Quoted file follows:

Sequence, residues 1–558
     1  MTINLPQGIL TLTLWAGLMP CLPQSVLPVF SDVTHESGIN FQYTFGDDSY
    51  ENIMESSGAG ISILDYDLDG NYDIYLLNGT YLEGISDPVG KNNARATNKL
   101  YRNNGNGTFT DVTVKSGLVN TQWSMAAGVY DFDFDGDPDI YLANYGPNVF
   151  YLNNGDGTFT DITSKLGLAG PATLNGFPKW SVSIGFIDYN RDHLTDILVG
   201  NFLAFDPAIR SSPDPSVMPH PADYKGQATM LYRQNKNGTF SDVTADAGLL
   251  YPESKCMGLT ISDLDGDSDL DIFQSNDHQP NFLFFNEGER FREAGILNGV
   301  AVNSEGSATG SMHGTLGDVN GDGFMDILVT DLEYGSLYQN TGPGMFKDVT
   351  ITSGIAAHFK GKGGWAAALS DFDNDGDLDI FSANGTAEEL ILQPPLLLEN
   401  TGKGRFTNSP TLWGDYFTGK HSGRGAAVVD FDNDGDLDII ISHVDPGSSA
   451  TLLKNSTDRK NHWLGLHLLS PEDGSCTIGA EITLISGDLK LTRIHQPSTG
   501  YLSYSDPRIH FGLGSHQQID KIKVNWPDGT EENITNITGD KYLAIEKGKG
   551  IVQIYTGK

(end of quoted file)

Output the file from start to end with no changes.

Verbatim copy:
Sequence, residues 1–558
     1  MTINLPQGIL TLTLWAGLMP CLPQSVLPVF SDVTHESGIN FQYTFGDDSY
    51  ENIMESSGAG ISILDYDLDG NYDIYLLNGT YLEGISDPVG KNNARATNKL
   101  YRNNGNGTFT DVTVKSGLVN TQWSMAAGVY DFDFDGDPDI YLANYGPNVF
   151  YLNNGDGTFT DITSKLGLAG PATLNGFPKW SVSIGFIDYN RDHLTDILVG
   201  NFLAFDPAIR SSPDPSVMPH PADYKGQATM LYRQNKNGTF SDVTADAGLL
   251  YPESKCMGLT ISDLDGDSDL DIFQSNDHQP NFLFFNEGER FREAGILNGV
   301  AVNSEGSATG SMHGTLGDVN GDGFMDILVT DLEYGSLYQN TGPGMFKDVT
   351  ITSGIAAHFK GKGGWAAALS DFDNDGDLDI FSANGTAEEL ILQPPLLLEN
   401  TGKGRFTNSP TLWGDYFTGK HSGRGAAVVD FDNDGDLDII ISHVDPGSSA
   451  TLLKNSTDRK NHWLGLHLLS PEDGSCTIGA EITLISGDLK LTRIHQPSTG
   501  YLSYSDPRIH FGLGSHQQID KIKVNWPDGT EENITNITGD KYLAIEKGKG
   551  IVQIYTGK